Tag: agriculture department

Yes, Virginia, There Is a Christmas Tree Tax

Via Heritage’s “The Foundry” blog (and the outraged Facebook posts of former Cato interns), behold the Christmas Tree Tax.

It’s an announcement from the Agriculture Department’s Agriculture Marketing Service that it will be levying a fifteen cent tax on Christmas trees, payable to a new “Christmas Tree Promotion Board.” The tax will raise about $2 million from Christmas tree farmers and importers directly. That money comes indirectly from you.

As noted at The Foundry, the Ag Department claims the fifteen-cents-per-tree “assessment” is “not a tax nor does it yield revenue for the Federal government.” This claim fails both informal and formal analysis.

Informal: Do Christmas tree farmers go to jail if they refuse to pay? Yes. It’s a tax.

Formal: Is it a “non-penal, mandatory payment of money or its equivalent to the extent such payment does not compensate the Federal Government or other payee for a specific benefit conferred directly on the payer”? Bingo. Tax.

The formal definition is from the Taxpayer’s Defense Act, a bill I helped write while a congressional staffer after carefully researching the distinction between taxes and other government revenues, such as fines, legitimate fees, and such.

The Taxpayer’s Defense Act would have barred agencies from establishing or increasing taxes without first getting Congress’ approval. The idea was simple: No taxation without representation. And that idea is violated by the Agriculture Department’s new Christmas Tree Tax.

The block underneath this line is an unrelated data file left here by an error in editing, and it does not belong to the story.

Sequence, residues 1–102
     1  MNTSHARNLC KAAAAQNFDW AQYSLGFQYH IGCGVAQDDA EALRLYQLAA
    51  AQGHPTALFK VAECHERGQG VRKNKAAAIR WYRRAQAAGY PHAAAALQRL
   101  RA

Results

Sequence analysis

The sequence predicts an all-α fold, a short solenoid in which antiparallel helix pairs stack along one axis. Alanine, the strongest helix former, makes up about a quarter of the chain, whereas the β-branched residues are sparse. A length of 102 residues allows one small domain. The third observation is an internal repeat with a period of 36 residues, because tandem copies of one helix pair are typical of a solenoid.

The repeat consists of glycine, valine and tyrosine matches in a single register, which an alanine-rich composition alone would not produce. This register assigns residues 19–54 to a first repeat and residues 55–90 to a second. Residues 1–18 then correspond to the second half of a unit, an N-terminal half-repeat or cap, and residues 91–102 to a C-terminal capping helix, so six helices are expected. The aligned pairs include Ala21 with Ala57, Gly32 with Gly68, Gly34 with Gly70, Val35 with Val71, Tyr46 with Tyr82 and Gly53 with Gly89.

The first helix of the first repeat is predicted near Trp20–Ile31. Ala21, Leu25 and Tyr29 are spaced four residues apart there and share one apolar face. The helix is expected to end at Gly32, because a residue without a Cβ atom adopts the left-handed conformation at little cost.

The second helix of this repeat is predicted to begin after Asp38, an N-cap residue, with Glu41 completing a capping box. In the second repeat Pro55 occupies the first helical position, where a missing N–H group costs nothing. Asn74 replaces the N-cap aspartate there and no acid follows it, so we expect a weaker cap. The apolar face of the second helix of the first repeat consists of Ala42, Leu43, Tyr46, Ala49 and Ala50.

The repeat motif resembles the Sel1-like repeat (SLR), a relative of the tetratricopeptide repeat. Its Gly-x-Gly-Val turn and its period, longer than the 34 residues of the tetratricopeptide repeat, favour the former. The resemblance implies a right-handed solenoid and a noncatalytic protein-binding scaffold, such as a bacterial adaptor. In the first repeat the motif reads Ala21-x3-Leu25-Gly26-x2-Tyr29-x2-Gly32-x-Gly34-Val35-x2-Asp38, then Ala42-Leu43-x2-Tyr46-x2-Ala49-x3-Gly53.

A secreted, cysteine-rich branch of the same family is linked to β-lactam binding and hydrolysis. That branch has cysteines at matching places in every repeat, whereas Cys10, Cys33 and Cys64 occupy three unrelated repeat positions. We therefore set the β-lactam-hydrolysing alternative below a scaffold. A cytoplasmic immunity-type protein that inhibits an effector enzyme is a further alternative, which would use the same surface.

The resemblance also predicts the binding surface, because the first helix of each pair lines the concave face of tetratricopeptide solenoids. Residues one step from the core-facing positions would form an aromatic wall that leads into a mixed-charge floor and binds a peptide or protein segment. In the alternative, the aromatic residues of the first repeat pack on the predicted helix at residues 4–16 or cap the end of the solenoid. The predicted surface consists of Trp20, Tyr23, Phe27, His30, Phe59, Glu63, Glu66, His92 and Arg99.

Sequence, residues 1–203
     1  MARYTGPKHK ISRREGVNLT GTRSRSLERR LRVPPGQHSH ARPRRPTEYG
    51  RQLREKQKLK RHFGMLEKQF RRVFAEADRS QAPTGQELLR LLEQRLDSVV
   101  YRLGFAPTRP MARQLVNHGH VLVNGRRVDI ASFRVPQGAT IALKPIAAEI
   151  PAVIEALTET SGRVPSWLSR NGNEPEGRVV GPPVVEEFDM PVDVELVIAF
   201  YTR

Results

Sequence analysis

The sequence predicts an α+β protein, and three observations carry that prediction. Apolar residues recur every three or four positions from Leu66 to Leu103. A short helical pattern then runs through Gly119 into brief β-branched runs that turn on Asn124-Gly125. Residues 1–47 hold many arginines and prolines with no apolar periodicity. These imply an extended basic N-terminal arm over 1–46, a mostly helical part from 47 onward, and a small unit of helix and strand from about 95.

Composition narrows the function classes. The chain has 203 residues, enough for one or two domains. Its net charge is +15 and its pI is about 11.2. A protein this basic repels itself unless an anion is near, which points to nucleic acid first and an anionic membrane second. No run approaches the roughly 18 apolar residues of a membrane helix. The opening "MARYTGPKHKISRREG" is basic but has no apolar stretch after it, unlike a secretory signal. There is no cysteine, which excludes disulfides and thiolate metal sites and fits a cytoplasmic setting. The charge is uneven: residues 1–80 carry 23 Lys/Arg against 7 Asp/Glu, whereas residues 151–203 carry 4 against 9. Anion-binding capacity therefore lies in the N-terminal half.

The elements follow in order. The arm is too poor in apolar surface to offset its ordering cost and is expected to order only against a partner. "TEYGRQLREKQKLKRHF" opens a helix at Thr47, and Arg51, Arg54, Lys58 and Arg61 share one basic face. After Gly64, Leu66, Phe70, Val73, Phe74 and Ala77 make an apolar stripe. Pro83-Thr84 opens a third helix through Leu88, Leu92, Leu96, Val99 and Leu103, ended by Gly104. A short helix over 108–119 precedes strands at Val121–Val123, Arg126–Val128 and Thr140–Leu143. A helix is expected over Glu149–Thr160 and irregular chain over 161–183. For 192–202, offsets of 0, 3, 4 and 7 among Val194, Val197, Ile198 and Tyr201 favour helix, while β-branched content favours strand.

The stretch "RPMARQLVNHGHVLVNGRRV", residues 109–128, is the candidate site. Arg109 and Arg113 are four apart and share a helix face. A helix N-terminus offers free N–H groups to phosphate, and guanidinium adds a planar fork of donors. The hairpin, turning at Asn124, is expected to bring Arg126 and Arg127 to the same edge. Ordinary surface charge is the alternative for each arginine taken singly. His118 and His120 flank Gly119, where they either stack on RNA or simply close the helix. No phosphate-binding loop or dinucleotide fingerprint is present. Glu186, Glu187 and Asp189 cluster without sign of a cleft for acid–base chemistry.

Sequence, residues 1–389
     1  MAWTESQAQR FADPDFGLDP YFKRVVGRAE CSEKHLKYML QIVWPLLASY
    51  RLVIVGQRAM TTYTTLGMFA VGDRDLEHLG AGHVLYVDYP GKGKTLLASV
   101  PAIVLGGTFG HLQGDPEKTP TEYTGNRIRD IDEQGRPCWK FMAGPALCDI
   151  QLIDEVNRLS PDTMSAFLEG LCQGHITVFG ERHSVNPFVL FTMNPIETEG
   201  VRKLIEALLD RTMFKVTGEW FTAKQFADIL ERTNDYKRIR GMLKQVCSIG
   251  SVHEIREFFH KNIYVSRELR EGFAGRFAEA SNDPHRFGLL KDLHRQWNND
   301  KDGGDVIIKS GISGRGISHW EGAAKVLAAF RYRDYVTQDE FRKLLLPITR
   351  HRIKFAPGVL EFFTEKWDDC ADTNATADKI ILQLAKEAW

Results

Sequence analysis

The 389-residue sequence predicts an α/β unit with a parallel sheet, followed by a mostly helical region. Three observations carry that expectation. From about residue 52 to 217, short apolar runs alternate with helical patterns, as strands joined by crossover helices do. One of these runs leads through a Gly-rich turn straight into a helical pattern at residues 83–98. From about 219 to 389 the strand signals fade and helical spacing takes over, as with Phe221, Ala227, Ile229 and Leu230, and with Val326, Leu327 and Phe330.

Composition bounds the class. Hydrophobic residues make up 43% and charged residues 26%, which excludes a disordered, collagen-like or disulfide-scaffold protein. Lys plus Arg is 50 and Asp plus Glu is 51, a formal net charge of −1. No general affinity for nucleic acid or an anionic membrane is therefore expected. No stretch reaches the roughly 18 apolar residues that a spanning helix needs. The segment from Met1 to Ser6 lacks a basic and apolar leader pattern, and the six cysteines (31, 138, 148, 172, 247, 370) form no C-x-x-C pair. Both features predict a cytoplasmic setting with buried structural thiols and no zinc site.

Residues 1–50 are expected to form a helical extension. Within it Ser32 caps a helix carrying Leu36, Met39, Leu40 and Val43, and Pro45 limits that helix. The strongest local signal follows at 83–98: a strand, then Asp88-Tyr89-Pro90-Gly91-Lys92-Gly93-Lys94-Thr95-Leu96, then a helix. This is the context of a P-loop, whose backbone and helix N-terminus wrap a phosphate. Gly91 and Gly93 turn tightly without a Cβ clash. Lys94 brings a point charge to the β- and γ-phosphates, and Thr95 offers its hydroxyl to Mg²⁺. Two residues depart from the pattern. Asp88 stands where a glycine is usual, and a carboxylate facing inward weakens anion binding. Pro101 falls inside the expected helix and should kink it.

Your Government At Work

Here’s yet another example of government programs that are total nonsense, collectively, if not individually.

First, news that a Federal panel of experts has issued a new report on what you should be eating.

[The report’s] findings: People should consume more vegetables and whole grains, and less fatty meats, salt and sugar…The guidelines in turn will form the basis of the USDA’s updated food pyramid, scheduled to be released in spring 2011. They also determine the nutrition standards for all federal nutrition programs, including the National School Lunch Program, which feeds more than 30 million children a day.[emphasis mine]

I’ve emphasized the “less fatty meats” part because that news comes hot on the heals of this article that hit the wires yesterday:

The U.S. Agriculture Department plans to buy as much as $14 million worth of dark meat chicken products to help producers facing a glut in stocks and decreasing prices, Agriculture Secretary Tom Vilsack said on Tuesday…The government purchase… will be used by food banks, school lunch programs, and other food assistance programs….

So let’s get this straight: the Federal government is on the one hand encouraging people to eat fewer fatty meats, but on the other is buying more of said fatty meats to appease a special interest.  And they can’t even use “inter-agency coordination problems” as an excuse.